The Terabithia part of the story is the story of the two kids’ escape route: they find this abandoned neck of the woods and in their imagination they create a world of monsters and heroes where they just happen to be the rulers. They have some imaginative adventures there and they utilize some super powers to fend off some evil monsters (that, by the way, have a long way to climb up the ladder of evil before any other film would regard them as a proper baddie).
As I said, the imaginary bit of the film is quite short and is far from being center stage. The bulk of the film is to do with the children’s struggle to find their own identity amidst the surrounding atmosphere of alienation, manifested through older kids bullying the younger ones, sisters only interested in watching the crap on TV, parents who are not there, and lack of appreciation for our kids’ talents.
BtT takes a major turn at the end of is second act (that is, two thirds across this hour and a half long film). And here is the major spoiler: That girl that changed the scene for our boy dies; the rest of the film then becomes the story of coping with this death.
And that’s where my main problem with BtT lies: First and foremost, this death makes this supposedly PG rated film pretty much unwatchable for kids. While death is often portrayed in kids’ films, I can hardly recall a case where (a) it takes such a central role, (b) it is to do with a girl that is a child herself (as opposed to the more regular scene of a older relative dying), (c) it is to do with a main character as opposed to a supporting role, and (d) it consumes the viewer’s attention as much. Sure, teaching kids about death is important, but why so bluntly? If this is Walden’s idea of instilling good values, I would say they need a brain implant.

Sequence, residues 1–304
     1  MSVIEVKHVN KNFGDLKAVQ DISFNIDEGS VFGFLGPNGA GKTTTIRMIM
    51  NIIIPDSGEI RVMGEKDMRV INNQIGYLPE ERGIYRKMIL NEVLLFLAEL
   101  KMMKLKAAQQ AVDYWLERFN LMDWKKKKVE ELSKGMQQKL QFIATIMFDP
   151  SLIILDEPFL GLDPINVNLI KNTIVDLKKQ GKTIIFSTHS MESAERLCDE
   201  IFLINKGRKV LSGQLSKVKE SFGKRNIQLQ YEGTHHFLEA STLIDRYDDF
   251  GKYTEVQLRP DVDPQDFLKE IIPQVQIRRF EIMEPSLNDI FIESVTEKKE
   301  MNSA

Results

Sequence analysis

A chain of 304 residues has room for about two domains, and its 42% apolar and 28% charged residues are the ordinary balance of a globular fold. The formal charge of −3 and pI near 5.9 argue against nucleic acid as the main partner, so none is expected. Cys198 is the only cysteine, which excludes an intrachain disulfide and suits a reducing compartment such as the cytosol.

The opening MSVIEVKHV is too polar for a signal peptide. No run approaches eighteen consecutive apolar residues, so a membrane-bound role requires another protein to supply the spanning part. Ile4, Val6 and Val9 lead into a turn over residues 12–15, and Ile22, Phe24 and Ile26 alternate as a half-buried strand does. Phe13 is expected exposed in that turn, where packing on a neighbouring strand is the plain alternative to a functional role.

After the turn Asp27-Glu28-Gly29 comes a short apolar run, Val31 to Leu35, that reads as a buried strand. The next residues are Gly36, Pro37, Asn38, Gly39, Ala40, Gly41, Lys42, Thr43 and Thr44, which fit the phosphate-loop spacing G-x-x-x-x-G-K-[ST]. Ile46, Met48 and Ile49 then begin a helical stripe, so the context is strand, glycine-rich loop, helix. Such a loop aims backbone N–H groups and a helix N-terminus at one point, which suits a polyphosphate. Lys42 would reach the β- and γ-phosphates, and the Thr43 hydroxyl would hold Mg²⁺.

Thus BtT ends up a mishmash of sorts: a tale of kids trying to find their place, a tale of fantasy, and a tale of coping with death. None of the components really work that well with one another, the attempts at synergy are badly executed with suspension of disbelief overly stretched and the kids’ poor acting kills it all.
You finish watching the film and you ask yourself what it was all about and what was it that the film tried to tell you. The problem is, it’s hard to say: does it imply you need to escape to an imaginary world in order to cope with your problems here on earth? In my opinion the issues raised by the film are issues well worth discussing, it’s just that the handling is bad and the proposed solutions would make things even worse.
Memorable fact: The film’s church will not take females wearing pants in. I wonder if that is the general case with churches? I don’t recall the bible having much to say about pants, especially in the context of women. Still, it’s probably much better than the treatment women get at synagogues.
Technical assessment: As I had said on previous occasions – Disney knows how to produce a DVD.
Overall: A badly made projection of a weird mind that is quite disturbing. 1.5 out of 5 stars.